If you thought only curries constituted Pakistani cuisine, think again.
With a veritable cornucopia of fruits, vegetables, nuts, rice and spices available from the fertile plains of the Punjab to the foothills of the Hindu Kush to the densely populated Karachi, recipes have developed over generations for Ã¢â‚¬Å“muh meetha karnaÃ¢â‚¬Â Ã¢â‚¬â€œ sweetening one’s mouth.
Pakistani cookery writer Sumayya Usmani has taken the sweetest inspiration from these recipes and added a modern twist in her latest book Mountain Berries & Desert Spice (Frances Lincoln, 6th April). From breakfast to tea to a wedding feast, no occasion escapes these mouth-watering delights. What’s more, all the ingredients are readily available in the UK.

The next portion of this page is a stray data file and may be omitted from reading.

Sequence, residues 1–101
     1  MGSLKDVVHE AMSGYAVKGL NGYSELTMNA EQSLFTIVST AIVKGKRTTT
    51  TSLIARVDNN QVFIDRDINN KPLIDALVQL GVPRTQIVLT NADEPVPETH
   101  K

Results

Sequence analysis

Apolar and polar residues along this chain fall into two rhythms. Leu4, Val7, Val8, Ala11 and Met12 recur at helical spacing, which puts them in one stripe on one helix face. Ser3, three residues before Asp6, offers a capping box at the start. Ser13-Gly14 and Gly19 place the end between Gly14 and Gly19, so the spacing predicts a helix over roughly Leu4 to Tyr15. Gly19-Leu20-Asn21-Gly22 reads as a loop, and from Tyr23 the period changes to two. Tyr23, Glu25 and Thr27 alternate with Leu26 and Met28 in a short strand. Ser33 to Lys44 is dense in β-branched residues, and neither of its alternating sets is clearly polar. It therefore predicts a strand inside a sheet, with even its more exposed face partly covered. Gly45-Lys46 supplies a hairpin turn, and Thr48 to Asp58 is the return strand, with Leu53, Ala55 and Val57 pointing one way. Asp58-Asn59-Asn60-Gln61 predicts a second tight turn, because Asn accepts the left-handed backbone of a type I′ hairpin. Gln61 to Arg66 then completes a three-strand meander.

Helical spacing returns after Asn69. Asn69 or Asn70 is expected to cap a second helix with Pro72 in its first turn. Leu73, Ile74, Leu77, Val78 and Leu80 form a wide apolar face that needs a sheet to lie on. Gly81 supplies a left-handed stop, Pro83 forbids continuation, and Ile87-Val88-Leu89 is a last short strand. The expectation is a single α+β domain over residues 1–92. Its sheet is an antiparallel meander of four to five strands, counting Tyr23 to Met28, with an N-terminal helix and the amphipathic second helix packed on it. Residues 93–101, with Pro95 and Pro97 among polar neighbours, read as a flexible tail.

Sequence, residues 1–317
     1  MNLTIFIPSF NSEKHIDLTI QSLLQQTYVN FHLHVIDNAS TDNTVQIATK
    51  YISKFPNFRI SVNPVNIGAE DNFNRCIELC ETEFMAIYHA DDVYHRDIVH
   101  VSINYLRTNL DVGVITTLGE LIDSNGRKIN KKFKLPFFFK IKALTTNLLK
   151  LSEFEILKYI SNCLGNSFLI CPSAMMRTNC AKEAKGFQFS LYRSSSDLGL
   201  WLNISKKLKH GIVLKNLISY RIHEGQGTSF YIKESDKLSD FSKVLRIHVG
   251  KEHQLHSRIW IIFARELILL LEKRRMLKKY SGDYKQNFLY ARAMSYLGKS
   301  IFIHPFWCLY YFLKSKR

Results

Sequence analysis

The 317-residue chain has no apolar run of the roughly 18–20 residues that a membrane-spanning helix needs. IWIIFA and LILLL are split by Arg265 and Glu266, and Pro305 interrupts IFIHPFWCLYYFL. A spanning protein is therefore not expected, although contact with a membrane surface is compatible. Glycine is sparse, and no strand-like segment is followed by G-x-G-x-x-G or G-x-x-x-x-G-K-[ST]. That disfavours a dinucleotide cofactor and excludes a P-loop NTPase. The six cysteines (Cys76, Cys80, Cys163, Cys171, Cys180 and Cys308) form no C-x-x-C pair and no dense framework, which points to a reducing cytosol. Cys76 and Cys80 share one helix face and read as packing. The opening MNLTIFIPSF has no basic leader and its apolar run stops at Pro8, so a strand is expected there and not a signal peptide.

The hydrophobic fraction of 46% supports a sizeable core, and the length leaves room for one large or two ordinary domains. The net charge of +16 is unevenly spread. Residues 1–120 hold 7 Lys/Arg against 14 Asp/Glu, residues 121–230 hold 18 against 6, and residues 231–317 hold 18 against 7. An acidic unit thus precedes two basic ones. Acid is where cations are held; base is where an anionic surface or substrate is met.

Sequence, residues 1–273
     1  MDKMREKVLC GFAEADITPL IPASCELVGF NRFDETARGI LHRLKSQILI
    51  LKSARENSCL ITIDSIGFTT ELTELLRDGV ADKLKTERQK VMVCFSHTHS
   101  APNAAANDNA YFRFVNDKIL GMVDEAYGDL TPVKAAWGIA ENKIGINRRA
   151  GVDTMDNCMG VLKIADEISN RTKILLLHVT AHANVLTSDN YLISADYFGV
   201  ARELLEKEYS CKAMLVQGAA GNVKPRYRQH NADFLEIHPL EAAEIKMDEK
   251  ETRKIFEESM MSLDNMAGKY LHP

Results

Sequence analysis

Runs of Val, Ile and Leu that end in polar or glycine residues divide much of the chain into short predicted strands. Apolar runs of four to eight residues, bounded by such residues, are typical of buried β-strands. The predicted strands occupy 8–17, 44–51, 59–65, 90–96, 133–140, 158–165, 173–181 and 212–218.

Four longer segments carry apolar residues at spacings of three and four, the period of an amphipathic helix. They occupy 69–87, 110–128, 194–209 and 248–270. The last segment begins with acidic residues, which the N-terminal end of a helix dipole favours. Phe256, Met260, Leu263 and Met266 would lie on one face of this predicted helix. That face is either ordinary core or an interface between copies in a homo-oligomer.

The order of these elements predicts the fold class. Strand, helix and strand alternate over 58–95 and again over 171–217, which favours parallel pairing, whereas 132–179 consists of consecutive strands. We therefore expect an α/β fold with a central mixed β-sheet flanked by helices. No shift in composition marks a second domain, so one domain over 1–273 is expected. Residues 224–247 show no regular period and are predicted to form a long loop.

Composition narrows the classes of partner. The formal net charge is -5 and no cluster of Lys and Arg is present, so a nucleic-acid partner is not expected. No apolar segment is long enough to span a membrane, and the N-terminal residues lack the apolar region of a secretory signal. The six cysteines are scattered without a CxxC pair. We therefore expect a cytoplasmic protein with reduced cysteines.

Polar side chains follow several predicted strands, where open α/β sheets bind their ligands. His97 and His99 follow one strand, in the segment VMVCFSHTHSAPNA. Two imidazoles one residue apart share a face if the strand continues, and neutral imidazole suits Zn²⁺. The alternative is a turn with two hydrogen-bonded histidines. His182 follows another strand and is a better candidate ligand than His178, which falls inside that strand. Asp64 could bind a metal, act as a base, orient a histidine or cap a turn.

In fact, not only the ingredients, but also the recipes will strike a chord with variations of bread or rice puddings, pastries, pancakes, porridge, toffees, biscuits and even doughnuts (Gulgulay). The simple, yet stunning photography of mini slabs of saffron and honey caramels clinching pistachios and almonds, frozen kulfi sticks flavoured with cardamom, bay and honey, lychee and sago pudding perfumed with rose water, spiced apples stuffed into samosas, peanut brittle and sesame taffy are enough to make your mouth water.
The recipes are sweetened with jaggery. That may sound like teeth-clenching sticky toffee but it’s actually an umbrella word Ã¢â‚¬â€œ and a lovely one at that Ã¢â‚¬â€œ for sweeteners such as natural unrefined sugar cane, dates, coconut sap or palm molasses. Even paneer (cheese) is given the sweet treatment, tossed with fried nuts, fruit and spiced sugar syrup.
All-in-all, a delightfully eye-opening book that will have you reaching for the jaggery in no time.